The Web

Created: 2021-11-27
Draft!
This page is a draft and may be incomplete, incorrect, or just a stub or outline. I've decided to allow myself to put draft pages on my website as an experiment. I'm hoping they will:
  • Help me address my backlog of article ideas.
  • Serve as a "living" TODO list of things to work on.
  • Be useful to myself or others in their incomplete forms.
As always, I'm happy to accept feedback on anything I publish including draft content.

This article is a companion to http://hypermedia.ratfactor.com/ where I’m experimenting with htmx, REST, HATEAOS, and progressive enhancement (TODO: link these terms).

I’ve also been buying old books on REST and the ideas behind HTTP, HTML, and the Web on abebooks.com. I’ve amassed a bit of a mini-library on the subject in the last couple months.

Though just a cryptic series of slides, I really enjoyed Paul Downey’s Web APIs Are Just Web Sites, which boils it down to the essence. This is how the Web works.

Progressive enhancement

From Adaptive Web Design (2011) by Aaron Gustafson:

Fundamentally, progressive enhancement is about accessibility, but not in the limited sense the term is most often used. The term "accessibility" is traditionally used to denote making content available to individuals with "special needs" (people with limited mobility, cognitive disabilities, or visual impairments); progressive enhancement takes this one step further by recognizing that we all have special needs. Our special needs may also change over time and within different contexts. When I load up a website on my phone, for example, I am visually limited by my screen resolution (especially if I am using a browser that encourages zooming) and I am limited in my ability to interact with buttons and links because I am browsing with my fingertips, which are far larger and less precise than a mouse cursor.

Hypertext as an authoring and display format

Tim Berners-Lee describes attending a 1990 hypertext conference and trying to introduce the concept of delivering hypertext over the Internet.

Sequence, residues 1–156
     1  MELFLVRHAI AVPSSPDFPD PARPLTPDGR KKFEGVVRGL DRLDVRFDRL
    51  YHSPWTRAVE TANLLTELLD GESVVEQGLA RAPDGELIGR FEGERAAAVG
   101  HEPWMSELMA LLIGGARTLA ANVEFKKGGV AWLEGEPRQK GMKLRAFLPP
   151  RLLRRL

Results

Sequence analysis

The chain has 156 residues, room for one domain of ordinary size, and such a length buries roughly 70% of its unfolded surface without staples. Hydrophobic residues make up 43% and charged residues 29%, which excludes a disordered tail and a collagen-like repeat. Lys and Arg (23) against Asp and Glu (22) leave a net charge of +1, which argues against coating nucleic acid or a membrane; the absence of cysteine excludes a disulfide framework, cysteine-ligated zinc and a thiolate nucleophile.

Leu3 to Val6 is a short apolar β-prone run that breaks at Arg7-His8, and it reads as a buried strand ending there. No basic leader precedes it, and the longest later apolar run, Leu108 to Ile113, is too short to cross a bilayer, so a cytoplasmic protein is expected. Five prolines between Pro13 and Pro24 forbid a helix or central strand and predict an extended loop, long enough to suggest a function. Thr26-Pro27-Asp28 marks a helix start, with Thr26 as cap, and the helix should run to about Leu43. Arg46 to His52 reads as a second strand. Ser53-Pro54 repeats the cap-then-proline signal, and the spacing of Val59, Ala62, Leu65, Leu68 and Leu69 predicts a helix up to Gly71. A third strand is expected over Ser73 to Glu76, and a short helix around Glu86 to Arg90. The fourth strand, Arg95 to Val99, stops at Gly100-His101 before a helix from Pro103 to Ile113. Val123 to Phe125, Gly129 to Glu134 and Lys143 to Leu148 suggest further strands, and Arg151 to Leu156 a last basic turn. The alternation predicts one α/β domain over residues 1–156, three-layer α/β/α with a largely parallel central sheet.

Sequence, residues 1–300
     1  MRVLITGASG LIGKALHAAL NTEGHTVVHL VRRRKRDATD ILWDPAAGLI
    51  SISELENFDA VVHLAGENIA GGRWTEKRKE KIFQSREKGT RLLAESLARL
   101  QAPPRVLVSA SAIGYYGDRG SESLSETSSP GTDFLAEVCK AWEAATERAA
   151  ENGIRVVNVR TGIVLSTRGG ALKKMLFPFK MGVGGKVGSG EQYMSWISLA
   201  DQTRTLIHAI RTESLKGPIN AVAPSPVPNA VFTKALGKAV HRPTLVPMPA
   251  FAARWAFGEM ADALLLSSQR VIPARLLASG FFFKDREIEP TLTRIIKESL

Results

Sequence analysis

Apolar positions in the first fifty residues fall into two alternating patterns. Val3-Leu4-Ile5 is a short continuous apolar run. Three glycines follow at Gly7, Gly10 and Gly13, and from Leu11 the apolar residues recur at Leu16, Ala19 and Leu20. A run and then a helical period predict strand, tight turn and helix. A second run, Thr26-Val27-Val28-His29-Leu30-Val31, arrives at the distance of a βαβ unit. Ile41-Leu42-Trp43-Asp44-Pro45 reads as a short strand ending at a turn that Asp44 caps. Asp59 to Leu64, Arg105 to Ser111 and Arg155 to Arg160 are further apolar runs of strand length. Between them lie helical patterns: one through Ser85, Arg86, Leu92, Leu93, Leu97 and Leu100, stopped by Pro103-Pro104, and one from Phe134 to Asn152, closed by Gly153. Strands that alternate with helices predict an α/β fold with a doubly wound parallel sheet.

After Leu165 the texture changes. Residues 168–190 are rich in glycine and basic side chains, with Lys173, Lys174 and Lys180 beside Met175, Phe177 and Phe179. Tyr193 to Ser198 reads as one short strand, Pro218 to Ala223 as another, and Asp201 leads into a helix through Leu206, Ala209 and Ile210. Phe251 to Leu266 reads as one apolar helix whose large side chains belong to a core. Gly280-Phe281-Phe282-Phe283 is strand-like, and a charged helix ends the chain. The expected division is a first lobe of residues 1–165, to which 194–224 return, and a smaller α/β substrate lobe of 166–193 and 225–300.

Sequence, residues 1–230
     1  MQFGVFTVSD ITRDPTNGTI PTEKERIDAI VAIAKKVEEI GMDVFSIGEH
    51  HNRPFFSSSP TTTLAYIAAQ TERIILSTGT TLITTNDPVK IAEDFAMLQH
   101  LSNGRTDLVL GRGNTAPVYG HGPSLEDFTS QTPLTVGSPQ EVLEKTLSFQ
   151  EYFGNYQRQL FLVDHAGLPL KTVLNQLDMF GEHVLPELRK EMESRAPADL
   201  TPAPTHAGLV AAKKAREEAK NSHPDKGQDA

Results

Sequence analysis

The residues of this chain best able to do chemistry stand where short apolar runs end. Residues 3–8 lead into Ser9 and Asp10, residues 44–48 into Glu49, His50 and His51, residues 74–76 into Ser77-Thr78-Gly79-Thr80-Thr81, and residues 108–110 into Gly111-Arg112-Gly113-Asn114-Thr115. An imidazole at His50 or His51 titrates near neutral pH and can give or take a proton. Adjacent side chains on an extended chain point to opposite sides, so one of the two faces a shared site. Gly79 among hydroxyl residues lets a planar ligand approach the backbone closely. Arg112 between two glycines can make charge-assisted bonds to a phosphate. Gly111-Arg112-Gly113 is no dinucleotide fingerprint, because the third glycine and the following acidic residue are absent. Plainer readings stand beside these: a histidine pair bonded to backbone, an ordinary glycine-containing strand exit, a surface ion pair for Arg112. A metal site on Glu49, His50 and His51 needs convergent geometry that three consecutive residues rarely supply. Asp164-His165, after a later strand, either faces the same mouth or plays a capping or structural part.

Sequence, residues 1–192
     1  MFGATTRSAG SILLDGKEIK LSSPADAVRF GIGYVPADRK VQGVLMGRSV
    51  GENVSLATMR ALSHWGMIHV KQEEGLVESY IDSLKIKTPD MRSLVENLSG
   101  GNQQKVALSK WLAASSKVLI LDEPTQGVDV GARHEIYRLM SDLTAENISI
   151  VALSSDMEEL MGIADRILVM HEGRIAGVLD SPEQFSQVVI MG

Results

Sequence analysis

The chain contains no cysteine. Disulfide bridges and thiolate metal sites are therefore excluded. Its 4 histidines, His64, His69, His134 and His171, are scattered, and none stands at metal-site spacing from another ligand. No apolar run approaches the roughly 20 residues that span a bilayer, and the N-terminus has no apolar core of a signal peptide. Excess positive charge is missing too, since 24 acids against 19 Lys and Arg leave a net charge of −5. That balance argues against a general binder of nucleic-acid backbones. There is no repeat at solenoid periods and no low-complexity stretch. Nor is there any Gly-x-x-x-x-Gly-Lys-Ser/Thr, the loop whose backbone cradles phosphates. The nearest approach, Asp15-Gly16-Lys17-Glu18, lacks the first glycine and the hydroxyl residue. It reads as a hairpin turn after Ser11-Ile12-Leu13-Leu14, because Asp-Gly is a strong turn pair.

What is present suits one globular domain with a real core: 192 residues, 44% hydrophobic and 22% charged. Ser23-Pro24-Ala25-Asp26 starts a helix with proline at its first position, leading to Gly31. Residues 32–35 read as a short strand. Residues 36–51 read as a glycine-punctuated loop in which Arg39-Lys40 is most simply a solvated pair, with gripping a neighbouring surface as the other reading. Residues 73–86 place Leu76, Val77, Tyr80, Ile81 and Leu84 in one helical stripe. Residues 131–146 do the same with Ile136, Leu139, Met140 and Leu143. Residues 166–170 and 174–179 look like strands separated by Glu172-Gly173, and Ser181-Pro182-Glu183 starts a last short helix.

From Weaving the Web (1999) by Tim Berners-Lee with Mark Fischetti:

However, like many hypertext products at the time, [Dynatext] was built around the idea that a book had to be "compiled" (like a computer program) to convert it from the from in which it was written to a form in which it could be displayed efficiently. Accustomed to this cumbersome multistep process, the EBT people could not take me seriously when I suggested that the original coded language could be sent across the Web and displayed instantly on the screen.

Also, that metadata and HTML are intentionally limited. Unlike, TeX as a counter-example, which gives the author more control, but it’s also possible to have TeX code with infinite loops and crashes. HTML can’t crash (browsers can, but that’s their problem).

With that in mind, it seems to me that the contract of the Web is that to take part, you give up some control over your content, which allows that content can be useful to others, even in ways you did not anticipate or particularly desire.

TBL intended for browsers to also double as editors. The W3C’s Amaya browser (seems to be well-maintained) is also an HTML (and SVG, etc.) editor. The Jigsaw server (seems to have been abandoned) has authentication and authoring out-of-the-box. From what I can tell, a PUT command is used to push a new or edited document to the server. Netscape had editing capabilities. That all seems to have ended in the IE era.

Hypermedia as the Engine of Application State (HATEOAS)

From REST APIs must be hypertext-driven (2008) by Roy T. Fielding:

A REST API should be entered with no prior knowledge beyond the initial URI (bookmark) and set of standardized media types that are appropriate for the intended audience (i.e., expected to be understood by any client that might use the API). From that point on, all application state transitions must be driven by client selection of server-provided choices that are present in the received representations or implied by the user’s manipulation of those representations. The transitions may be determined (or limited by) the client’s knowledge of media types and resource communication mechanisms, both of which may be improved on-the-fly (e.g., code-on-demand).

And in a response to a comment on the post:

Think of it in terms of the Web. How many Web browsers are aware of the distinction between an online-banking resource and a Wiki resource? None of them. They don’t need to be aware of the resource types. What they need to be aware of is the potential state transitions — the links and forms — and what semantics/actions are implied by traversing those links. A browser represents them as distinct UI controls so that a user can see potential transitions and anticipate the effect of chosen actions. A spider can follow them to the extent that the relationships are known to be safe. Typed relations, specific media types, and action-specific elements provide the guidance needed for automated agents.